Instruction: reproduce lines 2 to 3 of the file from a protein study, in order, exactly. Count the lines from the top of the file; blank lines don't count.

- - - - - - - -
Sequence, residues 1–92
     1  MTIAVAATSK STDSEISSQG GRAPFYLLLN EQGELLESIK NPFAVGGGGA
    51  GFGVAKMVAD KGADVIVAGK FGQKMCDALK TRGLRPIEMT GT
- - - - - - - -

     1  MTIAVAATSK STDSEISSQG GRAPFYLLLN EQGELLESIK NPFAVGGGGA
    51  GFGVAKMVAD KGADVIVAGK FGQKMCDALK TRGLRPIEMT GT